The franchise industry, like all businesses, was not immune to the economic crisis of 2008 and the ensuing credit crunch. But the vital signs of a recovery are there. According to the International Franchise Association (IFA), many of the country’s business sectors currently starting to show growth mirror those sectors expected to be the leading drivers of employment in franchising this year. These include food service, health care, hospitality and construction—all sectors with a high concentration of franchise businesses.

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If you don’t have a business idea yet but you do know you want to run your business, you might start by looking at our guide on coming up with business ideas. Or, you could consider turning a hobby you have into a full-time business. You could even pursue something in which you have a lot of experience. If you’ve been working in retail for 10 years, why not consider opening a boutique?
If your bank is hesitant about a particular franchise system’s performance, or your finances aren’t as strong as they could be, you might want to consider an SBA loan. SBA doesn’t lend to business owners directly; it provides a repayment guarantee to banks and lenders for money they lend to small businesses, making it less risky for the banks. Use this search tool to find the right SBA loan for you.

If you have all of the answers above, and are still unsure of what to do then we suggest working with your franchisor to find the best option for your new business. This can be the best place to start when searching for franchise financing, because they’re very experienced with where other franchises like yours have gotten their financing from.The franchisor also has a vested interest in you being able to purchase the franchise and will often provide some kind of help.


You also will need to file certain forms to fulfill your federal and state income tax obligations. The forms you need are determined by your business structure. A complete list of the forms each type of entity will need can be found on the SBA website. You can also find state-specific tax obligations there. Some businesses may also require federal or state licenses and permits to operate. You can use the SBA's database to search for licensing requirements by state and business type.
Tenant improvements. Your new space may need some improvements or alterations (a new paint job, new carpeting, a reconfiguration of the space). Which party will pay for these improvements depends on how tight the commercial office space market is in your city. Most form leases stipulate that the tenant can’t make any alterations or improvements without the landlord’s consent. Ask for a clause that says you can make alterations or improvements with the landlord’s consent, and that the consent won’t be unreasonably withheld, delayed, or conditioned. Often, you are able to negotiate a “tenant improvement allowance,” which is an agreed-upon sum of money that the landlord will provide for the improvements and alterations you would like to make.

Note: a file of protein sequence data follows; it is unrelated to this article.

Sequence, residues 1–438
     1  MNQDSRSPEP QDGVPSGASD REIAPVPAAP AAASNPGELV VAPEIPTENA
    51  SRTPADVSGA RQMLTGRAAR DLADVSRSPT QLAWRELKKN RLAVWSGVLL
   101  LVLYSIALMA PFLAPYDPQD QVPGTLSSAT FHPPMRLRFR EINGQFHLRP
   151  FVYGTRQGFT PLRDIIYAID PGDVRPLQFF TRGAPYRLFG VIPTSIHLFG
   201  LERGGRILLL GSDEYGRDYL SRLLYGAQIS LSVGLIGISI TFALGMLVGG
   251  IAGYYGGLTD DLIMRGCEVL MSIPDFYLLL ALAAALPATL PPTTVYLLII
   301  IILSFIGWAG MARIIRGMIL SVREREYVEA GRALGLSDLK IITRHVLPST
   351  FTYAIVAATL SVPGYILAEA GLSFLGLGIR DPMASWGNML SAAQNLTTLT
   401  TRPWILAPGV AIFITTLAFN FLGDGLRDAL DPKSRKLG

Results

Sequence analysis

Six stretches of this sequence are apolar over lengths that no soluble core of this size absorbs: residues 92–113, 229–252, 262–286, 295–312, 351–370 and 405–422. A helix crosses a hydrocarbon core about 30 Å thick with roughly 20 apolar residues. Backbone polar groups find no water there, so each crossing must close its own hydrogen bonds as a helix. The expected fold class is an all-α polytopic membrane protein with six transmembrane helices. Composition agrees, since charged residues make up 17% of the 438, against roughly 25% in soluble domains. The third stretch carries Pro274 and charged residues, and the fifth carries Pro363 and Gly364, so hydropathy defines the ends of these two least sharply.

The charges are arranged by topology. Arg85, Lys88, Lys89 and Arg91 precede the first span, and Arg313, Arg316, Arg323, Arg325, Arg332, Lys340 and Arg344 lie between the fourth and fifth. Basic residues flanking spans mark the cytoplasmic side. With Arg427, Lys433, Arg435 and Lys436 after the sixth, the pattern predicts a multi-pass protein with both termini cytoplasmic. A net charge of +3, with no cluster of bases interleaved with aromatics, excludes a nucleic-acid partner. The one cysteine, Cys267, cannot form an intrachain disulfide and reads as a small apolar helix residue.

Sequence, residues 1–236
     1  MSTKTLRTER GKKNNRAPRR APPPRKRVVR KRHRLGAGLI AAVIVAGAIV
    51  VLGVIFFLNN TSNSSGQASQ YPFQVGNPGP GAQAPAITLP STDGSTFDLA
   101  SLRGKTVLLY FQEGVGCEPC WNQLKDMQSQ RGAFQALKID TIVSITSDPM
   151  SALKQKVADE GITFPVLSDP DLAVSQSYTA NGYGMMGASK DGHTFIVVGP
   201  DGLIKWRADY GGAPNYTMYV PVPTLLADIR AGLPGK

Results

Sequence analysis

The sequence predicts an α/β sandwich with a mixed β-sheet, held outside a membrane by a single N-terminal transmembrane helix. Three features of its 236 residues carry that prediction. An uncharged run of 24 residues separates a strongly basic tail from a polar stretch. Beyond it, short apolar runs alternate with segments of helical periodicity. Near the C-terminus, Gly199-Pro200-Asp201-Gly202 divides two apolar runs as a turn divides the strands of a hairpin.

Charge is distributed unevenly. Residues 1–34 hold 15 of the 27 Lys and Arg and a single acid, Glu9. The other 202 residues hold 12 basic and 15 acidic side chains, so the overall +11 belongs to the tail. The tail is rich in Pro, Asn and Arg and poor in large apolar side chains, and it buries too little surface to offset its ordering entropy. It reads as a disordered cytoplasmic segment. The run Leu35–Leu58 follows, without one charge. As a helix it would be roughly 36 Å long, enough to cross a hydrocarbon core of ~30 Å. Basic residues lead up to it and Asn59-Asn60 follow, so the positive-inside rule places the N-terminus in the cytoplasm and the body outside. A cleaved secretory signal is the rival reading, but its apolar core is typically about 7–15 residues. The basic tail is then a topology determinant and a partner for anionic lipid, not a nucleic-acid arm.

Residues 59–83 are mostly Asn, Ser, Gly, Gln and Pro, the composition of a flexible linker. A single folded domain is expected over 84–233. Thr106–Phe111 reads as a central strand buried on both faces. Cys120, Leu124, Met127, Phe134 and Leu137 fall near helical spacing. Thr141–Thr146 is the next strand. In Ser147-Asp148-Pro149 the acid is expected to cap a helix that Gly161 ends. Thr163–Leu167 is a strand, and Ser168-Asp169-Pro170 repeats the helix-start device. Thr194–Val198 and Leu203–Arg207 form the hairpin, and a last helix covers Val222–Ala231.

The franchise industry, like all businesses, was not immune to the economic crisis of 2008 and the ensuing credit crunch. But the vital signs of a recovery are there. According to the International Franchise Association (IFA), many of the country’s business sectors currently starting to show growth mirror those sectors expected to be the leading drivers of employment in franchising this year. These include food service, health care, hospitality and construction—all sectors with a high concentration of franchise businesses.
A ROBS let’s you fund all, or part, of your new franchise with retirement savings (401k, IRA, 403b, etc) without paying early withdrawal penalties and taxes. If you have at least $50,000 in your eligible retirement account a ROBS can help you fund 100% of your franchise, be combined with seller financing, or be used as a downpayment for an SBA loan. Learn more by speaking with our recommended ROBS provider, Guidant, who offers an initial free consultation.
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